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$$\int_{-1}^{1} \sqrt{1-x^2}dx$$

I let $u = 1-x^2$, $x = (1-u)^{1/2}$

$du = -2x dx$

$$-\frac{1}{2}\int_{0}^{0} \frac{u^{1/2}}{(1-u)^{1/2}} = 0$$ because $$\int_{a}^{a} f(x)dx = 0$$

But it isn't zero. Why?

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    $\begingroup$ Under what conditions can you use u substitution? $\endgroup$ – Simply Beautiful Art Feb 18 '17 at 16:54
  • $\begingroup$ It is not zero because the integrand is strictly positive. Edit: And continuous. $\endgroup$ – Git Gud Feb 18 '17 at 16:54
  • $\begingroup$ f and g' are continuous.. i see now $\endgroup$ – user349557 Feb 18 '17 at 16:56
  • $\begingroup$ Very closely related question (and my answer): math.stackexchange.com/questions/1489577/… $\endgroup$ – Cameron Williams Feb 19 '17 at 4:16
  • $\begingroup$ @CameronWilliams Duplicates, really. $\endgroup$ – MathematicsStudent1122 Feb 19 '17 at 4:21
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For $x \in [-1,0)$, you can't have $$ u = 1-x^2 \implies x = (1-u)^{1/2} $$ thus your change of variable is not valid over $[-1,0)$.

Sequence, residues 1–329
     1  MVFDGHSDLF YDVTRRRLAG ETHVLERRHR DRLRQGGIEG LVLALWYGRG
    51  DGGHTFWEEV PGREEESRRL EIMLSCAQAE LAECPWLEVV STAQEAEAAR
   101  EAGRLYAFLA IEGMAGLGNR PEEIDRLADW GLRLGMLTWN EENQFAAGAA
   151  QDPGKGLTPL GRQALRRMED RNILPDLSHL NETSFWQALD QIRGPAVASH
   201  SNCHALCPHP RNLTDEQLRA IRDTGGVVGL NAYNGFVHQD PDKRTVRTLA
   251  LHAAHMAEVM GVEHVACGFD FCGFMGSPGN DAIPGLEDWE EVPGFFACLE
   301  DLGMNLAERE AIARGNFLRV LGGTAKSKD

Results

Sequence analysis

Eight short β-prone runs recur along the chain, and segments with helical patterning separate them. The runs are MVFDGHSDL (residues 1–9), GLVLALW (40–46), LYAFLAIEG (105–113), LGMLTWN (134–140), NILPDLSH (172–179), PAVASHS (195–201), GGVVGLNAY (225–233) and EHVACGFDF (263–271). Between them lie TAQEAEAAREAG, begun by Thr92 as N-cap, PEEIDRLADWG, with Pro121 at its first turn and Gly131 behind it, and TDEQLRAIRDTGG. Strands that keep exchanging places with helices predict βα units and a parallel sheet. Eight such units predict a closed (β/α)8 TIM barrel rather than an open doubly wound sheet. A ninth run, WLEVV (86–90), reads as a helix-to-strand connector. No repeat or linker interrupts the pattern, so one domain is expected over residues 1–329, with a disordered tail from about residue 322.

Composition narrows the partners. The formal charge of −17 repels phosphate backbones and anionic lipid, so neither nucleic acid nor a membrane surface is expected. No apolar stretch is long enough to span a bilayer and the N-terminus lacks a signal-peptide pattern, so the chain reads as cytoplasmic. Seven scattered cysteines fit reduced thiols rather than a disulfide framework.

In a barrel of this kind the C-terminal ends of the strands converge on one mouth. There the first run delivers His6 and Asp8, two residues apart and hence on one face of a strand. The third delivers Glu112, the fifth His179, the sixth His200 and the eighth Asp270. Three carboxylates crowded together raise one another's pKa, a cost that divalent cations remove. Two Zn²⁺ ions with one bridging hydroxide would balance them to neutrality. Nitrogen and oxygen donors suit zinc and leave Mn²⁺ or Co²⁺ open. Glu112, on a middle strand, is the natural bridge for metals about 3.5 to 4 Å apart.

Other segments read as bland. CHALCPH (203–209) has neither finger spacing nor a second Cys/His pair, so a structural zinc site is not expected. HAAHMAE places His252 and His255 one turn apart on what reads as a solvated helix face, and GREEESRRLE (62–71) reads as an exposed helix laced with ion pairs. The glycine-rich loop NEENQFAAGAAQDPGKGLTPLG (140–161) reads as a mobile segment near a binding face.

You would better write by parity $$ \int_{-1}^{1} \sqrt{1-x^2}dx=2\int_0^{1} \sqrt{1-x^2}dx $$ then use the given change of variable.

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You may only do a u-substitution when it is bijective on your integration domain. You can solve this problem by breaking up your integral into $\int_{-1}^0$ and $\int_0^1,$ and using $x=-(1-u)^{1/2}$on the first integral, and $x=(1-u)^{1/2}$ on the second.

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